This is why your cat stares at the ceiling and walls.
Your cat can perceive more than humans can.
So if you want to know why your cat stares at ceilings and walls, then you’re in the right place.
Your Cat and Staring at Ceilings and Walls
Imagine yourself coming home, and you see your cat. You just opened the door, stepped in, and suddenly a brief sound strikes your eardrums.
Surely, both of you will forget everything and quickly turn towards the sound to determine where that sound is coming from. This seems to be normal behavior.
What if you are sitting calm and cool while your cat is staring at walls and ceiling and behaving like it focuses on something, but you don’t hear or see anything?
You start wondering if your cat has gone crazy. Or has it just finish watching the James Bond series while you were out and managed to find a job in MI7 of felines? You never know. It’s a cat, after all.
This suspicious cat behavior is observed by a lot of cat owners. Most of us are curious to understand why they do this. The possible causes are as follows:
#1 Cats Can Hear What You Can’t
I hope you are familiar with the term “audible frequency.” This is the range of sound frequencies that can be heard by an animal.
They can hear ultrasounds signals transmitted by mice and other animals, which aid them in hunting. So they can hear the sounds which are inaudible for us and respond to them.
#2 Cats Can See What You Can’t
The cats have excellent vision in dim light. This great capability is due to a layer in their eyes called tapetum lucidum. This layer reflects the light passing through the retina, giving the cat the ability to see in light levels 1/6th of the amount required by us.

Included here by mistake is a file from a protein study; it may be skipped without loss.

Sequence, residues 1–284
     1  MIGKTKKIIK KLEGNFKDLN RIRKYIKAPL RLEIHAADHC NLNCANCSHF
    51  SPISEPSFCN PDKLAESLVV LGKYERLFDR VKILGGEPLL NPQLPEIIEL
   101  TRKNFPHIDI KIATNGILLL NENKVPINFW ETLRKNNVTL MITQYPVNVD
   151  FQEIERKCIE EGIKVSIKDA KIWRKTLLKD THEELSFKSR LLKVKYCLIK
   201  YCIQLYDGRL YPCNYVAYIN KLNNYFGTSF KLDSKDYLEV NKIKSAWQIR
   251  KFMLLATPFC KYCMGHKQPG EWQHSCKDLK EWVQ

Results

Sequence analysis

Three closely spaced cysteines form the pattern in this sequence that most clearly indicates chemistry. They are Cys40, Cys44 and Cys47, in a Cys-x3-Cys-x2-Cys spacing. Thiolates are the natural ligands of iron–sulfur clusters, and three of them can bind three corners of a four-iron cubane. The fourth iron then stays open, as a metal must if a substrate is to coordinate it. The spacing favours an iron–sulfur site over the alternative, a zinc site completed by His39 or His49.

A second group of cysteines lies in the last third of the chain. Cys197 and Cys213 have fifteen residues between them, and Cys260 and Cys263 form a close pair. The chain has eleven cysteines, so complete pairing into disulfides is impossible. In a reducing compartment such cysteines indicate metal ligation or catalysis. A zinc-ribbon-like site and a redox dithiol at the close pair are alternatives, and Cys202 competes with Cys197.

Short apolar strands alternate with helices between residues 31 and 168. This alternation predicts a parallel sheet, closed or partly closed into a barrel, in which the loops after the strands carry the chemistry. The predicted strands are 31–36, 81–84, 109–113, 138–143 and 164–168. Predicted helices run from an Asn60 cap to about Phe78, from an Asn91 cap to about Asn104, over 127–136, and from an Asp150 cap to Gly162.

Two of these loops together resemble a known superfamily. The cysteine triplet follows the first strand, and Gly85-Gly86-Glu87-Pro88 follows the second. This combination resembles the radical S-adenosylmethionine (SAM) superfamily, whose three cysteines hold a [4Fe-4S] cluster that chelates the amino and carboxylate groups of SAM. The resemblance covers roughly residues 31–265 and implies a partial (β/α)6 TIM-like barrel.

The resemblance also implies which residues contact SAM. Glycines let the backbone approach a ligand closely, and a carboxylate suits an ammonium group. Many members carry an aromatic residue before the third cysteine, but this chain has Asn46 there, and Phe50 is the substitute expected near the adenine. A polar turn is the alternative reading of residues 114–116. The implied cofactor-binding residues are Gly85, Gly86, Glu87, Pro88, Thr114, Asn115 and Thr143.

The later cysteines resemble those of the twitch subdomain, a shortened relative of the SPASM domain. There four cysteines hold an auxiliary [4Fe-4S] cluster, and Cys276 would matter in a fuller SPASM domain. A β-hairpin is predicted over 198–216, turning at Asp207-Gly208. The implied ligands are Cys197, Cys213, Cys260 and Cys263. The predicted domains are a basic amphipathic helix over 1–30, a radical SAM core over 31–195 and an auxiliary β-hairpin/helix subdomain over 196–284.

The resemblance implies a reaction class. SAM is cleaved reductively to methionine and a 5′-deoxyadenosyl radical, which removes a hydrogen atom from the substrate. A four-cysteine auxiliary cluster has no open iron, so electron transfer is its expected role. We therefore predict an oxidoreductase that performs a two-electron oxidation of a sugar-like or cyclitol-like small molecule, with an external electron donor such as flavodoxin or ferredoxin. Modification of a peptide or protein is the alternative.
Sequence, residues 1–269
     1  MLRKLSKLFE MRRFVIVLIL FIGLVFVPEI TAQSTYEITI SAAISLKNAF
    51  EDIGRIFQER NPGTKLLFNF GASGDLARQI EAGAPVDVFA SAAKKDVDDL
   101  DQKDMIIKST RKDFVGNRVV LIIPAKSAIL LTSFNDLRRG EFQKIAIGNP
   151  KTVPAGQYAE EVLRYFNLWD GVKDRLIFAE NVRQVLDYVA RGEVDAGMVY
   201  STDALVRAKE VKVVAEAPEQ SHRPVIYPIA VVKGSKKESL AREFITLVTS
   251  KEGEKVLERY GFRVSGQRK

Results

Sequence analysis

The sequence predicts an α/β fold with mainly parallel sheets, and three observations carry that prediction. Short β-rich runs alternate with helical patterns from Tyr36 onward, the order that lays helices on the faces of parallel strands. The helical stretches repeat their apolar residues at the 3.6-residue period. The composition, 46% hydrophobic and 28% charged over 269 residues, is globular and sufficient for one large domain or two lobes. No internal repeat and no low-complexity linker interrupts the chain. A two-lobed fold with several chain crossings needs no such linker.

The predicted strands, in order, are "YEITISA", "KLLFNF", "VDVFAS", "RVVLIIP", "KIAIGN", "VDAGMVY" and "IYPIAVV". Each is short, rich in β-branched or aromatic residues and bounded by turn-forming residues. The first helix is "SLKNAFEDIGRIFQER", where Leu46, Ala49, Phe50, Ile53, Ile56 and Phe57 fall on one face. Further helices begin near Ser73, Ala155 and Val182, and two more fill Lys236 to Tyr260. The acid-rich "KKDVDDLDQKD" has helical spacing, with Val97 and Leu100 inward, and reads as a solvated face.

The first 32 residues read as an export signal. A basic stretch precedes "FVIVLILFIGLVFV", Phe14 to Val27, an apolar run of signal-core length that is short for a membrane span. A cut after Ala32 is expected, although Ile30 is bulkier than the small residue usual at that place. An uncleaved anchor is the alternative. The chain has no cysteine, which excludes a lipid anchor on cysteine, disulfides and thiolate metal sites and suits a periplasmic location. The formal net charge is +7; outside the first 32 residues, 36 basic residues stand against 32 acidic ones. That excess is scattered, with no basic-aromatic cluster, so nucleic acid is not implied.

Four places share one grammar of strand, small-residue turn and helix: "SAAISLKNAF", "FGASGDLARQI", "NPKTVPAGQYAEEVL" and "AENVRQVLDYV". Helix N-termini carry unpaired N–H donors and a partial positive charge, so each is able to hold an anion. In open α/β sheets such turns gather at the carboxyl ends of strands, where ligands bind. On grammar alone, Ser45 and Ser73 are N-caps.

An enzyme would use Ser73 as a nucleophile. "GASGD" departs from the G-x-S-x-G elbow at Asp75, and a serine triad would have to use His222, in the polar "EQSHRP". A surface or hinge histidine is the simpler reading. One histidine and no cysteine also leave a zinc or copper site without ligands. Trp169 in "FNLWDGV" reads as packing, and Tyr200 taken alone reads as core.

So, cats can see tiny spots of light on the walls and ceiling, such as sunlight reflection, street lights coming in the house, a reflection of the mobile screen, blinking LED of the TV screen or phone.
Some of the light stimuli are so small that we are unable to detect them, but cats can see them clearly. They respond, and we stand around wondering what’s going on.
Moreover, they can see ultraviolet wavelengths, too. We cannot.
#3 Cats Can Smell What You Can’t
Dogs and cats are famous for their olfactory sense. They have double olfactory mucosa as compared to humans.
The olfactory mucosa is the layer responsible for the absorption of chemicals which are to be sensed.
So cats can smell things that we cannot.
Moreover, an additional smell sensor called the vomeronasal organ is located on the floor of the nasal cavity in cats and some other animals. Humans have this structure too, but it is non-functional.
So, as the sense of smell in cats is far better than ours, they can sometimes respond to very light odor that we cannot sense.
#4 Their “Moustache” (Whiskers) Has a Function, Too
Unlike our mustaches, cat whiskers are great sensory structures.
They help the eyes detect minute air movement and vibration.
They continuously send signals to the cat’s brain, focusing on different sources of vibration and air movement.
Therefore, cats may respond to the stimulus signals sent by whiskers that we are unable to detect.
#5 Cats Have Curious Minds
There is a famous saying, “Curiosity kills the cat.”
They process a lot of information. This is because of the long journey of evolution that adapted them to predation. Imagine a hunter hiding in the jungle waiting for its prey.
He will pay attention to each sound, even as little as the falling of leaves.